Main set
Hands dropped down by your side for 20 seconds then arms in normal position for 40 seconds (1 set = 60 seconds)
Repeat 15 times = 15 minutes
Monitor your heart rate. As you improve you should see little difference in the fatigue from your legs and heart rate fluctuations.
Progression session increase hands by side 25 seconds week 2 then 30 seconds week 3 then 35 seconds week 4
Session 2
Run at 80% run heart rate for 2 minute then drop your arms for another 1 minute. Repeat this non-stop session 5 times.

Looking ahead
Head in a neutral relaxed position with eyes focused forward on a spot, if your head bobs up and down it will be difficult to look at one point ahead.

Variable running session
Drop hands to your side and once heart rate rises 10 beats per minute use your arms for 30 seconds then drop hands to your side.
Run for a total time of 20 minutes.
Progression is when your heart rate only rises by 5 beats per minute.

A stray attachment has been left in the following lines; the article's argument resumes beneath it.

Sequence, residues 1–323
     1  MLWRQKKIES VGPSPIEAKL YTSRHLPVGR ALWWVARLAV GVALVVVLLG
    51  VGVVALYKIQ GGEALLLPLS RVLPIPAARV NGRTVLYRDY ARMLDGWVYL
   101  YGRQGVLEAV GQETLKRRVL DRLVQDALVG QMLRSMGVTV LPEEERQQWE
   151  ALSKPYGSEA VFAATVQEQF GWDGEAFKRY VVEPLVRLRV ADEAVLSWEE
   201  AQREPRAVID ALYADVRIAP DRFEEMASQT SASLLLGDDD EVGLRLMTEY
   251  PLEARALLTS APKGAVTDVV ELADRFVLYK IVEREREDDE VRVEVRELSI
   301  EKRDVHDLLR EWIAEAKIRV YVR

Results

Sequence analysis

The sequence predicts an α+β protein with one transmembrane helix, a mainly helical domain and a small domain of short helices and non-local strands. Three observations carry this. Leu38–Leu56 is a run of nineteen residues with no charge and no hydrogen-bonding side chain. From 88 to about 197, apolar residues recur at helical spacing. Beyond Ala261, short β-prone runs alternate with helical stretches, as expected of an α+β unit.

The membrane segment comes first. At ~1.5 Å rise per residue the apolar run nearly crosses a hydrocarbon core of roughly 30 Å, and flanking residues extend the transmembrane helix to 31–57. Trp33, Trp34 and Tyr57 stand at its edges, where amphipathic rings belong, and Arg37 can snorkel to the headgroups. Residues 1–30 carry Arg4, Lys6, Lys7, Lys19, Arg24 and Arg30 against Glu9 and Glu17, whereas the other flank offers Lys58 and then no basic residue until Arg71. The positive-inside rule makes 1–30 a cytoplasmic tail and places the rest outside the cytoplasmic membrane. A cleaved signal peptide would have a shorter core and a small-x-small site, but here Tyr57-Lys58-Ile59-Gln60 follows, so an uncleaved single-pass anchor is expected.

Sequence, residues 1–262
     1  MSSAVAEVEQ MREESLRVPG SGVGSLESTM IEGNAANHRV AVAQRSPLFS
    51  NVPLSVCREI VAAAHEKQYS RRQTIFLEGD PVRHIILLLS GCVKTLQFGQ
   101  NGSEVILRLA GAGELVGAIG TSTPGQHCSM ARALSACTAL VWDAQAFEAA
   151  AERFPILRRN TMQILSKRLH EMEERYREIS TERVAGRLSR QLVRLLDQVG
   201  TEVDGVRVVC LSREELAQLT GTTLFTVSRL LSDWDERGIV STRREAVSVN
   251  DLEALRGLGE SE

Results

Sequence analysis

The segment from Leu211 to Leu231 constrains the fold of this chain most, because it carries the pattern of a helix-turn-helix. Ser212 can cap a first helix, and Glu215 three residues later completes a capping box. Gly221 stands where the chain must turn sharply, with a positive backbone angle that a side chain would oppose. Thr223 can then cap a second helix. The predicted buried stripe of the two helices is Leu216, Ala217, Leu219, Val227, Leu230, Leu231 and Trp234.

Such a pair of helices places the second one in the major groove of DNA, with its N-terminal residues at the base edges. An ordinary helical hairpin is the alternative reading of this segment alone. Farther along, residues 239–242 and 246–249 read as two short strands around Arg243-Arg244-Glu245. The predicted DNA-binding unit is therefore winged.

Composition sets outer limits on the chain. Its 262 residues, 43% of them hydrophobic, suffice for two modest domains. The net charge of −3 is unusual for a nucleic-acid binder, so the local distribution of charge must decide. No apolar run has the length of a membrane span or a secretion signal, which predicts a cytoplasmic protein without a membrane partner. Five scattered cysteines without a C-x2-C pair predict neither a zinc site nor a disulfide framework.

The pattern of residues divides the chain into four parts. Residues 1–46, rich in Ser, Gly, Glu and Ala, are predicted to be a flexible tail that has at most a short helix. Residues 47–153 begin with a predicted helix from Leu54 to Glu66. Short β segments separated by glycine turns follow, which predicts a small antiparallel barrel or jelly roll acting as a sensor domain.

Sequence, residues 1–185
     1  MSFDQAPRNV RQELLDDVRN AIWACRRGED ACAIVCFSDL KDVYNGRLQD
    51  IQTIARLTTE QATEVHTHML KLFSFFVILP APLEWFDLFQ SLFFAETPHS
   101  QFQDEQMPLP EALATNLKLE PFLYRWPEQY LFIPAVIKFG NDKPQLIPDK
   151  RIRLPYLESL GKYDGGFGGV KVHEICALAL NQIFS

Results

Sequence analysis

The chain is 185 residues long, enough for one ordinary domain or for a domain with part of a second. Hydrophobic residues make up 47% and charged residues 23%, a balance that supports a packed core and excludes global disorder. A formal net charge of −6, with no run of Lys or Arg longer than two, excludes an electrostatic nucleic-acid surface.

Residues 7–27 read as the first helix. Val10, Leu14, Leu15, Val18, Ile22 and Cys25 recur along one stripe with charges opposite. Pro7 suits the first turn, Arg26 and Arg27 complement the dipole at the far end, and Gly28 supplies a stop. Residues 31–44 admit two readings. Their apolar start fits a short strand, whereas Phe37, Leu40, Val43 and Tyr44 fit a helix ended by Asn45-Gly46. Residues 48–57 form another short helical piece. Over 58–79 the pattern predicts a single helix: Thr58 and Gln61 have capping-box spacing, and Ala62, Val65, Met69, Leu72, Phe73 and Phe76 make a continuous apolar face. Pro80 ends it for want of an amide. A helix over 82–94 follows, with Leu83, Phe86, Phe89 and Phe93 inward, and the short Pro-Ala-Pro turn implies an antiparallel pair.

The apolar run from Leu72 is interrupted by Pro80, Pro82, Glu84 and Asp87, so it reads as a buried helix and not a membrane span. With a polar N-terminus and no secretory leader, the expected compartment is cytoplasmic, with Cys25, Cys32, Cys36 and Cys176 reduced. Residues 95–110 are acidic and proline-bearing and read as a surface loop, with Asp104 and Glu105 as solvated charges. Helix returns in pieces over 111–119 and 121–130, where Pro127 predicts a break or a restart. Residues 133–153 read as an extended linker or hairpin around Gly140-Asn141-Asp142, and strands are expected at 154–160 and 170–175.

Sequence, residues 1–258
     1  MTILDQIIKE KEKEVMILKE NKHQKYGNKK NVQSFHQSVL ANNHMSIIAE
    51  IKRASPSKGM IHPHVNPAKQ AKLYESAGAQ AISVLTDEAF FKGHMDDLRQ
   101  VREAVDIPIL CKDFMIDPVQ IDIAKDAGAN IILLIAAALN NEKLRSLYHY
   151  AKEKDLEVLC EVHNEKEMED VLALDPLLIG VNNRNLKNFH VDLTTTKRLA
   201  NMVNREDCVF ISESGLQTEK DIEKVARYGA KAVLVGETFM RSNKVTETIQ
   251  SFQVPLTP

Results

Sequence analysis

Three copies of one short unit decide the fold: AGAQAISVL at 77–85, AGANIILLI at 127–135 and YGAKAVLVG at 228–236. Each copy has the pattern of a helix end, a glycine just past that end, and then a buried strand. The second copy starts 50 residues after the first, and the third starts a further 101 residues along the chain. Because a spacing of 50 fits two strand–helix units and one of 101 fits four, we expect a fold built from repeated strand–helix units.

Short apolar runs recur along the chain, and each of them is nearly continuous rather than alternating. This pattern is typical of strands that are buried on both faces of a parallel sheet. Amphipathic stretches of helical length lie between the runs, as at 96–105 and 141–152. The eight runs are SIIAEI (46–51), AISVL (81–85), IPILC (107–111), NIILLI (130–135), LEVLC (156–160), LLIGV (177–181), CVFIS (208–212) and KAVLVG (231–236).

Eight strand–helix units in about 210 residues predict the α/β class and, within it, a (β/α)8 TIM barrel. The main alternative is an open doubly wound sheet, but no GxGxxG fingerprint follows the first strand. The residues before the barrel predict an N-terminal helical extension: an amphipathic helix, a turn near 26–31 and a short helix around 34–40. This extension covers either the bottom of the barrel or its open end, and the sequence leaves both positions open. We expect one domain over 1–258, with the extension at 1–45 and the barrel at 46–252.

Fatigue fighter session – Improving tolerance to fatigue
Our ability to perform when fatigued is paramount to optimum performance.
Doing track intervals hard as possible and hanging on is fool hardy unless you are a track runner, for triathletes we need to be able to race just below the red zone.

The good news is a treadmill can improve you coping with fatigue.

Session Total time for main set 12 or 18 minutes

Main set 5 minute segments
Run 3 minutes @ half marathon race pace then increase to 10km race pace for a further 1 minute.
Recovery between each rep is 2 minutes easy running.
Repeat this set 2 – 3 times
The following week increase race pace effort by 0.2 kmph then week 3 increase again by 0.2 kmph then 4th week repeat week 1.

Hill session with a difference.
Unless you are training to run from top to bottom of a hill we often struggle after getting to the top of a hill and fail to pick up the pace.
Main set 7 minutes repeat 2-3 times with 2 minute walking between each repetition.

2 minutes @ 10km pace at elevation 4 then 1 minute at elevation 5 for 30 seconds at elevation 6 then 1 minute at elevation 5 for 2 minutes at level 4 then finally 1 minute at elevation 2.
Purpose is to increase the incline while maintain the same speed then learn to stride out at the end when tired.